By Seher Dareen
(Reuters) - Gold prices rose to their highest in two weeks on Tuesday, with the safe-have metal benefiting from a wilting U.S. dollar and as Treasury yields declined on subdued risk appetite.
Spot gold rose 0.8% to $1,867.41 per ounce by 1620 GMT, after hitting its highest since May 9 at $1,868.69 earlier in the session. U.S. gold futures rose 1% to $1,867.00
Weakness in the dollar index along with a fall in U.S. Treasury yields from their recent highs has provided a supportive environment for gold, said David Meger, director of metals trading at High Ridge Futures. [.N]
The greenback hit a one-month low, while U.S. 10-year Treasury yields also edged lower as weakness in equities revived safe-haven demand for the debt. [USD/] [US/] [MKTS/GLOB]
"Gold traders are increasingly questioning the Fed's willingness to hike into a recession, as growing economic concern is breathing life into the gold market. Upside flow from CTAs along with renewed growth in ETFs have supported the recovery," analysts at TD Securities wrote in a note. [GOL/ETF]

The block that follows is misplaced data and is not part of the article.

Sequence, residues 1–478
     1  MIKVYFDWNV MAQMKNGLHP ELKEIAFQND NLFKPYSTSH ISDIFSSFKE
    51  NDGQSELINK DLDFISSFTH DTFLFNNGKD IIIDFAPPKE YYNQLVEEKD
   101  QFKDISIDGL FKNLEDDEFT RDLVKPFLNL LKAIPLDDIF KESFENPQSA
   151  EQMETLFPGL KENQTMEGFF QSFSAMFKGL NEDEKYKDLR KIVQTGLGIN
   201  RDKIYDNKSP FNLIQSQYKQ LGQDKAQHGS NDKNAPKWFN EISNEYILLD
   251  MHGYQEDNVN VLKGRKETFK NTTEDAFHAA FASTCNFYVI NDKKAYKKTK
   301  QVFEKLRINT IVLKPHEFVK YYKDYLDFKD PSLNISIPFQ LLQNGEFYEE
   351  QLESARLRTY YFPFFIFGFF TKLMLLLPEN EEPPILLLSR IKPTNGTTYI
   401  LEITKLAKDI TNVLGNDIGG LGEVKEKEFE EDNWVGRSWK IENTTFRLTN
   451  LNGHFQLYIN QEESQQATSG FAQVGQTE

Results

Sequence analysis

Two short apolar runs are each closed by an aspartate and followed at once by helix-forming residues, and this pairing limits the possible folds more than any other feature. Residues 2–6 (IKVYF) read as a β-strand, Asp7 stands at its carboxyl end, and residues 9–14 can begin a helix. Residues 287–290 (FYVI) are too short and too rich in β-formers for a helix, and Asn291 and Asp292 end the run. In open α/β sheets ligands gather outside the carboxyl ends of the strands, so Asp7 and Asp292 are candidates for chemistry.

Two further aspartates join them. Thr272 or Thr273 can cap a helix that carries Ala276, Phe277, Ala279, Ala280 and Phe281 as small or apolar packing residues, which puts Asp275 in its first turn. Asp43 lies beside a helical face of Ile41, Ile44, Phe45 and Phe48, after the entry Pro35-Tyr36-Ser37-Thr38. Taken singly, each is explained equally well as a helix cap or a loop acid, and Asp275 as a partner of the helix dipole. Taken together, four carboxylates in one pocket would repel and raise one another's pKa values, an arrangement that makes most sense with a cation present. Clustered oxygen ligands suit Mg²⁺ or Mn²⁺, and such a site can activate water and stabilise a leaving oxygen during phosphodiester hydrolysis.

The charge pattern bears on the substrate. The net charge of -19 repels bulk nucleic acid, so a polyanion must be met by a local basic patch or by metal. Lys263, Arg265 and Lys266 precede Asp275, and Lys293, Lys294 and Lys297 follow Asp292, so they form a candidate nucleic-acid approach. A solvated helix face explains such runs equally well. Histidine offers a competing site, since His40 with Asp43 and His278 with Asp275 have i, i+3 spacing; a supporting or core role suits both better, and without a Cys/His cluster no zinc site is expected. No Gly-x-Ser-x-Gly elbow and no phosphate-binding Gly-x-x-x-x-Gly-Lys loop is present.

The yellow metal is seen as a safe store of value during times of economic crisis and a hedge against inflation, but rising interest rates tend to weigh on non-yielding bullion.
Once the Federal Reserve has delivered half-of-a-percentage point rate hikes [in June and July] as Chair Jerome Powell has signaled, "a pause in September might make sense," according to Atlanta Fed President Raphael Bostic.
"Now that we know what we're getting out of the Fed, you could argue that gold once again has a fairly clear path moving forward," Meger added, highlighting the market still questions whether the rate hikes would be enough to stave off inflationary pressures in the short term.
Spot silver rose 1.5% to $22.09 per ounce, platinum fell 0.2% to $956.55 and palladium rose 0.4% to $2,001.71.
(Reporting by Seher Dareen in Bengaluru; Editing by Krishna Chandra Eluri and Shailesh Kuber)